This Is What Steve Irwin's Daughter Bindi Looks Like Now
And she loves animals as much as her late dad did.
Bindi Irwin was just 8 years old when her dad, famed "Crocodile Hunter" Steve Irwin, was tragically killed after being pierced in the chest by a stingray.
But the 16-year-old wildlife lover isn't a kid anymore — and looks all grown up on her Instagram account, which has nearly 250,000 followers.
"To be beautiful means to be yourself. You don't need to be accepted by others," she captioned this recent selfie, adding a quote from the novel The Uglies: "You need to accept yourself. What you do, the way you think, makes you beautiful."
So what's the teen up to these days? She's been following in her dad's footsteps and plans to work full-time at the Australia Zoo after finishing school.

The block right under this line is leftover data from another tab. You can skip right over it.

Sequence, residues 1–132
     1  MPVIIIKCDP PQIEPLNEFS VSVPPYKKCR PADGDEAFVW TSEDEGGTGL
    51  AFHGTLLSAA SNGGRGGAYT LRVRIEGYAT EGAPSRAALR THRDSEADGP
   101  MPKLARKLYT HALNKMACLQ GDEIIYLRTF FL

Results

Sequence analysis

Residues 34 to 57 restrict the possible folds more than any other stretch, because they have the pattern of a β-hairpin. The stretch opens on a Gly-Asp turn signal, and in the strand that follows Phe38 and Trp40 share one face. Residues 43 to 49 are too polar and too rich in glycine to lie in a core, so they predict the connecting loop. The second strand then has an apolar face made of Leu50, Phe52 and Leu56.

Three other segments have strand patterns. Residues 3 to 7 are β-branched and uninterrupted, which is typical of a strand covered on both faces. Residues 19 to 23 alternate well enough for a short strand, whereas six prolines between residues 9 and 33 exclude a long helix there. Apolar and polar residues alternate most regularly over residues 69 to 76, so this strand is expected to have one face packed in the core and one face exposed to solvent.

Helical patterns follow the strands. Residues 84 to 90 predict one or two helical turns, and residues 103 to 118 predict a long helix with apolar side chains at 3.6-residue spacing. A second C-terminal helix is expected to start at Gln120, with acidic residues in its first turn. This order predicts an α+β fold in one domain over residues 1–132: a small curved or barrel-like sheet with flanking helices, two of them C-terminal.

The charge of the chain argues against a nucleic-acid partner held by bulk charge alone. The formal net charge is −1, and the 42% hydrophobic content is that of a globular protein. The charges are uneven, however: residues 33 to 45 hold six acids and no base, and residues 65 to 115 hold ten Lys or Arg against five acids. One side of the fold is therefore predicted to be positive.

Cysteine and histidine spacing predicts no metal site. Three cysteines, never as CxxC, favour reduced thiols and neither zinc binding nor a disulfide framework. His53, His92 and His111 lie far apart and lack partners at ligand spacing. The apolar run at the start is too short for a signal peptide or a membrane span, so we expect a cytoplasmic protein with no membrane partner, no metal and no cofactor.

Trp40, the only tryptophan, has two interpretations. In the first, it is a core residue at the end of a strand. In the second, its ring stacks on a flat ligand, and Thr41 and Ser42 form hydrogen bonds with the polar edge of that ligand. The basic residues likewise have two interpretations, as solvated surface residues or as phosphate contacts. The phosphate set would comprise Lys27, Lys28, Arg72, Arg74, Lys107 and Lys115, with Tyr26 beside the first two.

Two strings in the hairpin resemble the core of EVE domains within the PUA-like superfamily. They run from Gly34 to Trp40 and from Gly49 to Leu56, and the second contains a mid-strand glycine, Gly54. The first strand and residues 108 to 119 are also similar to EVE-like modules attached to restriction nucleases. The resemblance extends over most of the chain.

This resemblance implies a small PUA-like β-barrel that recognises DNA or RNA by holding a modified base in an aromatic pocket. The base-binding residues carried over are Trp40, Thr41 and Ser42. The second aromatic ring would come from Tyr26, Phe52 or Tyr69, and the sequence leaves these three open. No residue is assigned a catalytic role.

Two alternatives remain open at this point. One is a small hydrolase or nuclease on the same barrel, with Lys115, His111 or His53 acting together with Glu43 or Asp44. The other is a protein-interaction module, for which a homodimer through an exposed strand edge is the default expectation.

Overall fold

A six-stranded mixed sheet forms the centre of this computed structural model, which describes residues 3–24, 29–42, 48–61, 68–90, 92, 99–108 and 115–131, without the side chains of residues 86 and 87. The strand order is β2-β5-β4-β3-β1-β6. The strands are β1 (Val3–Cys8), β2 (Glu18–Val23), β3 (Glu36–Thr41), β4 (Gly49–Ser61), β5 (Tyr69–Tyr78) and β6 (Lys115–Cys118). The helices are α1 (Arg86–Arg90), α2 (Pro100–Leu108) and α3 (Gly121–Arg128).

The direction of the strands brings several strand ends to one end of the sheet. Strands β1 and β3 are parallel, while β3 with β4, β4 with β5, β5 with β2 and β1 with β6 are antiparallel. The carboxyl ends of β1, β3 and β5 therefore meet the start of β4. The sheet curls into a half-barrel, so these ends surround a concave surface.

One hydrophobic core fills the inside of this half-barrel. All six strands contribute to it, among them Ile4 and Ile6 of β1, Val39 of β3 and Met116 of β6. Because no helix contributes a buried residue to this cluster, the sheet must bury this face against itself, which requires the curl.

She clearly has her dad's special touch with animals.
And a passion for the environment in general.
The only thing Bindi seems to love more than animals is her family, who also like to walk on the wild side.
Her mom, Terri, who starred on The Crocodile Hunter with her dad, owns Australia Zoo.
“I have spent my entire life living in a zoo, which is pretty crazy," Bindi told E! News. "Not many kids get to say that.”
She added, "It took me until I was about three years old to realize that we didn't just come to the zoo every day, that we actually lived here."
Having been raised in the public eye, Bindi first appeared on TV at the age of 2, and has hosted a slew of wildlife-themed TV shows over the years, like Bindi the Jungle Girl and Bindi's Bootcamp.
“With dad, he was the ultimate wildlife warrior and we admired him more than anything,” Bindi said in 2013.
“I do remember he gave me a piece of advice that has stuck with me forever. He said, ‘You have to treat animals the way you wish to be treated.’ Which is so true.”
Steve Irwin was "the greatest dad on the planet," she said. "He was our inspiration, who we looked up to the most and, for us, we wanna carry on his legacy."
"We wanna make sure that his message of wildlife and conservation continues, because he was the world's greatest conservationist and so we never want that message to die."